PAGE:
The result is the same amount of Bitcoin produced as always, but with a forever increasing energy footprint. In 2009, you could mine Bitcoin using just a few seconds’ worth of household electricity, whereas in recent years, you would have to use about 9 years’ worth. As a result, many miners have entire warehouses of supercomputers working away 24 hours a day, 7 days a week. 

And certain countries and regions of the world are bearing the burden of that energy consumption more than others. China used to be a powerhouse for Bitcoin mining operations, but Beijing banned Bitcoin and other cryptocurrencies in 2021. As a result, many Bitcoin miners have moved their operations to the United States, following abundant energy resources and relatively lax legal restrictions. 

In just a few years, the United States’ share of global crypto mining has ballooned from from 3.5 percent to 38 percent, making the U.S. the single biggest crypto mining market. In the process, the Bitcoin boom has “stressed local grids, raised electricity bills for nearby residents, and kept once-defunct fossil fuel plants running,” according to recent reporting from Grist. But exact figures about who is mining and where, and exactly how much energy each operation is using, are extremely difficult to establish. 

Now, the United States is trying to get a handle on the situation. Step one: attempt to understand how much energy Bitcoin miners are consuming on U.S. soil. Last week, the U.S. Energy Information Administration announced that it would start collecting energy use data from more than 130 “identified commercial cryptocurrency miners” operating in the US.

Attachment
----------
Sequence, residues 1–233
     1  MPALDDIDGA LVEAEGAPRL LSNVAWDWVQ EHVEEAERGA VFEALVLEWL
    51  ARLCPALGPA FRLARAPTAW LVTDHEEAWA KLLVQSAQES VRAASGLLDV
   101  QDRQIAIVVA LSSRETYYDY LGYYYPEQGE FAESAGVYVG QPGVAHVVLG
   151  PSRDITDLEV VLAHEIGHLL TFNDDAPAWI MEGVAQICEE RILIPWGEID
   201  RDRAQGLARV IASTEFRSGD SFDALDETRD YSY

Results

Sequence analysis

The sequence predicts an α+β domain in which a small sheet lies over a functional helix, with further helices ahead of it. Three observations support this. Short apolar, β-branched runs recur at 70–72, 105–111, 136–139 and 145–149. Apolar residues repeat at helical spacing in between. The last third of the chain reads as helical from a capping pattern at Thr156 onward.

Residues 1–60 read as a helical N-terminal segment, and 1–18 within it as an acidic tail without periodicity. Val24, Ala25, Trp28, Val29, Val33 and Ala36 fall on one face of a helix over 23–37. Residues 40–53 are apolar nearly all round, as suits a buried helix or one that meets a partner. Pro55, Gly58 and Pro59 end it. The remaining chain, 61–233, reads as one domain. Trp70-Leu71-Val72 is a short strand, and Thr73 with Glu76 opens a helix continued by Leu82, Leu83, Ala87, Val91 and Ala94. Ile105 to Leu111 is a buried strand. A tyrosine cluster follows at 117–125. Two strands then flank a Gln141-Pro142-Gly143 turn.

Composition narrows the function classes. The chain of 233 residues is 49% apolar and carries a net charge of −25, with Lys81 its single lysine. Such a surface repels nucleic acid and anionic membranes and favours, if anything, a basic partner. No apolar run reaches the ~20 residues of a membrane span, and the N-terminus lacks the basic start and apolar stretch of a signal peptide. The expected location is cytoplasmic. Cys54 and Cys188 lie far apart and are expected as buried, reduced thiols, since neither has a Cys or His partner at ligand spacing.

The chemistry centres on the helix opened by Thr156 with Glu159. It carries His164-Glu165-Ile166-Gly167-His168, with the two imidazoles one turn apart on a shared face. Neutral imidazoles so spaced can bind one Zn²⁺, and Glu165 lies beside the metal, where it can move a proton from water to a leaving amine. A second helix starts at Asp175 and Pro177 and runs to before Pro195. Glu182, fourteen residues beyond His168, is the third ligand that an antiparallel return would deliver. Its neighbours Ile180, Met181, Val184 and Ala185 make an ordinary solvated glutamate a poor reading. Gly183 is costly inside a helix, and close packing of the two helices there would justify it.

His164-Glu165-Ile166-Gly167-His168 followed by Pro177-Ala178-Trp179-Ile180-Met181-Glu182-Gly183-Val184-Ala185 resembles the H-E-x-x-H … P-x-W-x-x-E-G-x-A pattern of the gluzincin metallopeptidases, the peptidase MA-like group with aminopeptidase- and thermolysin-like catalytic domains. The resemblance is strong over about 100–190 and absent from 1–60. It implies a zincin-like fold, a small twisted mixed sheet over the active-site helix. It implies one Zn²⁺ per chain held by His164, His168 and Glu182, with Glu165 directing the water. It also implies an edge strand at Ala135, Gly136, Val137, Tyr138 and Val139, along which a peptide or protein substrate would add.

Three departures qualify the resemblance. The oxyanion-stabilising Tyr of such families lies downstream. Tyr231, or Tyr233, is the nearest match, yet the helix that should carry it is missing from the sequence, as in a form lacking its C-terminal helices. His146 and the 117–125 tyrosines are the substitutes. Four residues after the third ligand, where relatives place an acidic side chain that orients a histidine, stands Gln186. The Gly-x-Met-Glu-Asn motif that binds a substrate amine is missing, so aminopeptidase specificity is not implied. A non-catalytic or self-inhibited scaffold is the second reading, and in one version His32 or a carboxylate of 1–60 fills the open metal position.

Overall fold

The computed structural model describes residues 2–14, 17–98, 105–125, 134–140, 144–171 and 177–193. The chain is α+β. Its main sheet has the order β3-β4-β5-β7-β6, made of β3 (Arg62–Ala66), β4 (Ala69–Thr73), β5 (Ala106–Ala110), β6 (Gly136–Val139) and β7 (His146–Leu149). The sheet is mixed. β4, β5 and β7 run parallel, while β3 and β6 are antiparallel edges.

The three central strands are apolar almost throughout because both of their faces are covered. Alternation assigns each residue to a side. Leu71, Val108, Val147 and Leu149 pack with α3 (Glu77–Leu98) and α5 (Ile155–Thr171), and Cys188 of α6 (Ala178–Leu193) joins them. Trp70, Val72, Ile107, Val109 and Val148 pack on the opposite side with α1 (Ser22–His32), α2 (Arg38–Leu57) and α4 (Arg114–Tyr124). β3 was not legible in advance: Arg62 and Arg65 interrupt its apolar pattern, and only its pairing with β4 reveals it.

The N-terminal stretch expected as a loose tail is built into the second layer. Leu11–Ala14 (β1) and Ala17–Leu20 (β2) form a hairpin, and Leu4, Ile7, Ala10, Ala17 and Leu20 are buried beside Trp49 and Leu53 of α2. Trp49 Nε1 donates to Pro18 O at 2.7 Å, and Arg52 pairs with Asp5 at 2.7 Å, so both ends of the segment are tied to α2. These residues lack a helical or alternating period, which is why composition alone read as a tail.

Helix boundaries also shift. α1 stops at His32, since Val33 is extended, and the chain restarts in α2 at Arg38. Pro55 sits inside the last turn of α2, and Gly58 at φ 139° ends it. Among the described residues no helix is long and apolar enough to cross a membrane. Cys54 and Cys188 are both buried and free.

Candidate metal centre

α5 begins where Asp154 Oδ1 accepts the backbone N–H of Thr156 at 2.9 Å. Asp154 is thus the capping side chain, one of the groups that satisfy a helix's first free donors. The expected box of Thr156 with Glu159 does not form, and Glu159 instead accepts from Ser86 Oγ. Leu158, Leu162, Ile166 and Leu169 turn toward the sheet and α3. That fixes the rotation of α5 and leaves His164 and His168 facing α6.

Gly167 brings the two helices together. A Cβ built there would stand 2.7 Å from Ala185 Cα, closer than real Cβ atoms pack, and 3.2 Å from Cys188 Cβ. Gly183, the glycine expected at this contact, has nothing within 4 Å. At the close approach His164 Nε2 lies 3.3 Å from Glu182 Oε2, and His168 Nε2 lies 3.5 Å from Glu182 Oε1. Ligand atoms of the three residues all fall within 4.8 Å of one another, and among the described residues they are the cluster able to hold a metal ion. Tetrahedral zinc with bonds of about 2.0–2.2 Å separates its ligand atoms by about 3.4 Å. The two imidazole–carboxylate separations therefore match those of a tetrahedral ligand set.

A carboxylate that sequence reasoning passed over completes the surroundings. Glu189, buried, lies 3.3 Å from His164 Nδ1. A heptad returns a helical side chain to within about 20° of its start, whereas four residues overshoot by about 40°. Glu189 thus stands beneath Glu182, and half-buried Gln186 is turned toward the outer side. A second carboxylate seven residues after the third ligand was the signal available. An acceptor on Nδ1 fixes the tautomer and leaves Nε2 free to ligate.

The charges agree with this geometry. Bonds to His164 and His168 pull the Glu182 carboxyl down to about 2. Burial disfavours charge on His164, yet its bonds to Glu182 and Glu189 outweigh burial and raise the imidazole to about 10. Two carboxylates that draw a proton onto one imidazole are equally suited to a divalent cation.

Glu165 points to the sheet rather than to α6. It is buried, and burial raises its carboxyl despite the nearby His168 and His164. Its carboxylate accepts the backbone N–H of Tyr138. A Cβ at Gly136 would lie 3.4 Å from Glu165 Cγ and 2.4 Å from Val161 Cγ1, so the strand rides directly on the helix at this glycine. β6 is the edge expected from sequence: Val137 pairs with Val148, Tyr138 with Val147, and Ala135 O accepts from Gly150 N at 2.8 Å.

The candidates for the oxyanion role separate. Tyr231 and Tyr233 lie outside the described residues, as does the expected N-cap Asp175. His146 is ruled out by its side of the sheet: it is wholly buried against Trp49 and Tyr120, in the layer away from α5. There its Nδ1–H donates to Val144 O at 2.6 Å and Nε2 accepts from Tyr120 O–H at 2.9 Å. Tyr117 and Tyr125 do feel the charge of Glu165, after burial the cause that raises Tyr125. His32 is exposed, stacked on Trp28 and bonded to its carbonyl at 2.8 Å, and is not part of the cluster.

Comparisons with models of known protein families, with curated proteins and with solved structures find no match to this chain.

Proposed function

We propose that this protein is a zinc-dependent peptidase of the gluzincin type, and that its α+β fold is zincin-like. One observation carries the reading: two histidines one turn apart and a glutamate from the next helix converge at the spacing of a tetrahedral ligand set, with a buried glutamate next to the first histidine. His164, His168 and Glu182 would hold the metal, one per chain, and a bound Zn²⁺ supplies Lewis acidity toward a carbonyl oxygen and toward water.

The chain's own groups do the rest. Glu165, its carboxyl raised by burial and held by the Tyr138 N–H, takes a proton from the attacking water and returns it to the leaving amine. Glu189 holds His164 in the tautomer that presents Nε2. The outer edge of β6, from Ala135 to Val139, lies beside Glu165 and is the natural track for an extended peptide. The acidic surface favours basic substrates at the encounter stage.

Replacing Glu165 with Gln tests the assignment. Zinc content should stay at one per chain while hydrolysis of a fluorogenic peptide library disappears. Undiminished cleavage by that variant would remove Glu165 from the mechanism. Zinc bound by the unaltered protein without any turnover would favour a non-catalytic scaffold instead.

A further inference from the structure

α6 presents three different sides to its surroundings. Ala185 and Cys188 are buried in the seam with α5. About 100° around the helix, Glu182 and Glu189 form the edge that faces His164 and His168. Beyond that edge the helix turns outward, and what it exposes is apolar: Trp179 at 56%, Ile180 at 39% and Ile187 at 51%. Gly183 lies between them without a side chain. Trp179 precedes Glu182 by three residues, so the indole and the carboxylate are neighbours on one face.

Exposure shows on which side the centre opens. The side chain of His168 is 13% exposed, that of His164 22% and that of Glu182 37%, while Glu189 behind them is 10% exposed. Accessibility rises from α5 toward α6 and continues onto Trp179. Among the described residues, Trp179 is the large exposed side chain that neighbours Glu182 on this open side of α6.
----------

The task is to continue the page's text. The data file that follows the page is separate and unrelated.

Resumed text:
“As cryptocurrency mining has increased in the United States, concerns have grown about the energy-intensive nature of the business and its effects on the US electric power industry,” the EIA said in a new report which provides the foundation for the survey, which began this week. “Concerns expressed to EIA include strains to the electricity grid during periods of peak demand, the potential for higher electricity prices, as well as effects on energy-related carbon dioxide emissions.”

But beyond doing an accounting of the energy footprints of commercial-scale mining operations in the United States, making actual change to those figures will be an uphill battle. Past efforts to regulate the industry have been laughable, stemming mostly from recommendations and pleas for miners to source their energy from more clean and sustainable sources. Such guidance is almost guaranteed to land on deaf ears, as much of the crypto world’s appeal is a complete lack of governance and oversight. “If anything represents free-market capitalism in its most naked form, it is Bitcoin,” the BBC remarked in 2021, making efforts to promote voluntary sustainability standards “a touch bizarre.”

Going forward, measures to reign in Bitcoin will have to be far more stringent. And more than that, they will have to be enforceable. Getting actual figures through the EIA’s current survey is a critical first step, but it’s unclear how the government will effectively follow it up with meaningful policy measures. 

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By Haley Zaremba for Oilprice.com